Many prospective employees are given employment contracts which contain restraints against competition with their employer. Given that these are given at the outset of the employment relationship, the employee might not be thinking about what would potentially happen at its end, and not pay a great deal of attention to the restraints. This however can lead to issues at the ending of the employment.

Restraints against competition from employees are only valid to the extent to which they are reasonably necessary to protect the legitimate interests of the employer, assessed as at the time that the restraints were agreed to, but potentially having regard to planned expansion. Usually, this will involve protecting business intellectual property, and preserving the client relationship, for example restricting the employee from taking instructions from a client of the business with whom the employee dealt for a sufficient time to allow a replacement employee to form a relationship with the client.

Many restraint clauses however go much further than what is reasonably necessary. It is not uncommon for clauses to provide that the employee cannot work in that industry for a period of months to years, even if it is their profession. The clauses then set out different periods of restraint and different areas, with the intention that if one combination fails as it is excessive, then a lesser one might be valid.  Sometimes there will be dozens of potential combinations of time, area, and capacity.  There is also legislation in New South Wales allowing the courts to impose a lesser restraint.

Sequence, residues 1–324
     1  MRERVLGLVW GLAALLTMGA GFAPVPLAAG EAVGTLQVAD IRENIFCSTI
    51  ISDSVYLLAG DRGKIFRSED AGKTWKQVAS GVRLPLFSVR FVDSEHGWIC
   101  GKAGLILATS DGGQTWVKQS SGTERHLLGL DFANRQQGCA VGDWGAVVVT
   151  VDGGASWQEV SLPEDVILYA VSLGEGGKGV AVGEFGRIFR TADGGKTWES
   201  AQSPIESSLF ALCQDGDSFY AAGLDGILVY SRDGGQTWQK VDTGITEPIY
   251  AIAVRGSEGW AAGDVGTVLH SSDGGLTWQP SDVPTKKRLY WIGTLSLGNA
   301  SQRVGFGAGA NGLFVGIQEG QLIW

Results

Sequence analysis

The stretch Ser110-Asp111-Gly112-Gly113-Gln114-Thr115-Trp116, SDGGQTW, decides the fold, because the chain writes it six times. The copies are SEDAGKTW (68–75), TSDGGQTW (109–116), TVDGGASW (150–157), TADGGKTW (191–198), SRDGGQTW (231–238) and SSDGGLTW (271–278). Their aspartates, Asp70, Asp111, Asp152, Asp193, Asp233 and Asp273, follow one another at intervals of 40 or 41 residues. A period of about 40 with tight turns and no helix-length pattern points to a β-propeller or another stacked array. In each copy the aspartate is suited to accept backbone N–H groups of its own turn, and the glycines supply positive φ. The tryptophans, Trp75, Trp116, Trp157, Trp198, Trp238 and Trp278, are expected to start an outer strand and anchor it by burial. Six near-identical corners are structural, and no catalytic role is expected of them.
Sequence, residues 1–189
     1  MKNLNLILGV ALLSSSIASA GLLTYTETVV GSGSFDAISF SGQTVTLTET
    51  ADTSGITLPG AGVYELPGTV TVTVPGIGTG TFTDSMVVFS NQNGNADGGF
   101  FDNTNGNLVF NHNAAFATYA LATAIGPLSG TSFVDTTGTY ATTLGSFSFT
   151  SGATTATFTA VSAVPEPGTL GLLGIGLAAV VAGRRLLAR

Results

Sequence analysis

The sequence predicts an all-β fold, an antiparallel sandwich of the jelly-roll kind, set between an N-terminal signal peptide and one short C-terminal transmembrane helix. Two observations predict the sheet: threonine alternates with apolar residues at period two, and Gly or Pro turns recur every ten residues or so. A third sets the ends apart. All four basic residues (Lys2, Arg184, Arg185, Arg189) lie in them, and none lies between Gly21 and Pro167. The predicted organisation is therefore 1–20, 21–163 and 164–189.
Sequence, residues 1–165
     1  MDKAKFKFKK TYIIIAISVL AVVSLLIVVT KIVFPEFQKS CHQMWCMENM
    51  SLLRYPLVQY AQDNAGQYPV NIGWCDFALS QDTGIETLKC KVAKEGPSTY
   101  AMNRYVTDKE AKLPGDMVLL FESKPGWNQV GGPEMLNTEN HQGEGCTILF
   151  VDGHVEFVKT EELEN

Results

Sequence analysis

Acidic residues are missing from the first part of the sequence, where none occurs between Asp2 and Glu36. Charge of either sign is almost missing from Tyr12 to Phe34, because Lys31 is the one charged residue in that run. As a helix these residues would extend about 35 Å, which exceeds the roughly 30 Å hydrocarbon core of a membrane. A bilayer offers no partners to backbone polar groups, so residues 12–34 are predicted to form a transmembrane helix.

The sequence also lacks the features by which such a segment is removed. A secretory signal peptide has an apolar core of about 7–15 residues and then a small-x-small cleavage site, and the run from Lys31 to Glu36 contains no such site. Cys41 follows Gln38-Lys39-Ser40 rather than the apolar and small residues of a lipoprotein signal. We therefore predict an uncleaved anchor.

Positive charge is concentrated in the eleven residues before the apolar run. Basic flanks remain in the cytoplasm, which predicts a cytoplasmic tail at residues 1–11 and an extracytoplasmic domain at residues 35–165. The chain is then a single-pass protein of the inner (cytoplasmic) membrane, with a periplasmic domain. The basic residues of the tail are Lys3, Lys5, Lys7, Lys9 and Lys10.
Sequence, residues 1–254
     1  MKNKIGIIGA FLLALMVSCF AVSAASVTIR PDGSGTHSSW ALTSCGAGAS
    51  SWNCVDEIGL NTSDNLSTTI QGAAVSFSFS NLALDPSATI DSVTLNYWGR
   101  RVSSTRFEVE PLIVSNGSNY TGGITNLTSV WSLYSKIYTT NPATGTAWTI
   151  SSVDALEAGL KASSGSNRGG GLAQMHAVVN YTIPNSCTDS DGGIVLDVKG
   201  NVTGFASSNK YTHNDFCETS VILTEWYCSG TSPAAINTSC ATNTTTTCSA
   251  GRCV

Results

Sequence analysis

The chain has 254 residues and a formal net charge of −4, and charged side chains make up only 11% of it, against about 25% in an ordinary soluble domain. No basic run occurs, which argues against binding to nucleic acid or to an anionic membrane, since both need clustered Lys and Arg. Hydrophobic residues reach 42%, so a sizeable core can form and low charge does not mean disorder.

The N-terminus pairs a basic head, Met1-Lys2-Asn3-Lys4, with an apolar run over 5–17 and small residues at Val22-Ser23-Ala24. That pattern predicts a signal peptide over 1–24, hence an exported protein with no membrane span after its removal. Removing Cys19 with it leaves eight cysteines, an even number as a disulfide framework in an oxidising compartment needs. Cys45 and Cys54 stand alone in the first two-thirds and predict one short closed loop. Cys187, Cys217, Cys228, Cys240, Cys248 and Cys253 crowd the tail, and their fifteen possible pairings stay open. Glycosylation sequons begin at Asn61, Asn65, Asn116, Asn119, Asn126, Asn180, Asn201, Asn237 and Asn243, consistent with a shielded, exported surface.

The problem with this for employees is that they will not be sure what is or isnt valid until they are tested in court, at a cost of tens of thousands of dollars (money that the employer can afford but the employee might not) and potentially months or years of stress and risk.

Unfortunately, the unfair contracts legislation does not apply to employment contracts.  It is possible that if it did, the restraints in many employment contracts would be taken to be grossly excessive and unfair.  There is also nothing in the Fair Work Act to protect the employees against this situation, whether or not deliberately done by the employer.

As a result it is critical that any restraints in employment contracts are considered before they are signed, and that nothing is agreed to beyond what is reasonable.

For advice on restraints in employment, please contact Peter Muller at